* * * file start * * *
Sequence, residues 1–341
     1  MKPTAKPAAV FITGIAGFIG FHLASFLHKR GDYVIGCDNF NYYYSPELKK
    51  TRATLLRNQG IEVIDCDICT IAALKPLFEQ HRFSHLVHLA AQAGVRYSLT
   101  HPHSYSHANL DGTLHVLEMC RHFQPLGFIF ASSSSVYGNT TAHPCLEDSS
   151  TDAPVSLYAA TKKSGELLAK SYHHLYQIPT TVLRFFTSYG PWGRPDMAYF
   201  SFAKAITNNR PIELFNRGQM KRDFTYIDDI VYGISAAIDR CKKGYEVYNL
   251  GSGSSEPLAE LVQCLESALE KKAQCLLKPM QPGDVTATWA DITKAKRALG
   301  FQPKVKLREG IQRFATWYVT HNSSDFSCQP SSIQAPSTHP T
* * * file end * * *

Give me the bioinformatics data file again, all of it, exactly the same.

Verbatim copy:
Sequence, residues 1–341
     1  MKPTAKPAAV FITGIAGFIG FHLASFLHKR GDYVIGCDNF NYYYSPELKK
    51  TRATLLRNQG IEVIDCDICT IAALKPLFEQ HRFSHLVHLA AQAGVRYSLT
   101  HPHSYSHANL DGTLHVLEMC RHFQPLGFIF ASSSSVYGNT TAHPCLEDSS
   151  TDAPVSLYAA TKKSGELLAK SYHHLYQIPT TVLRFFTSYG PWGRPDMAYF
   201  SFAKAITNNR PIELFNRGQM KRDFTYIDDI VYGISAAIDR CKKGYEVYNL
   251  GSGSSEPLAE LVQCLESALE KKAQCLLKPM QPGDVTATWA DITKAKRALG
   301  FQPKVKLREG IQRFATWYVT HNSSDFSCQP SSIQAPSTHP T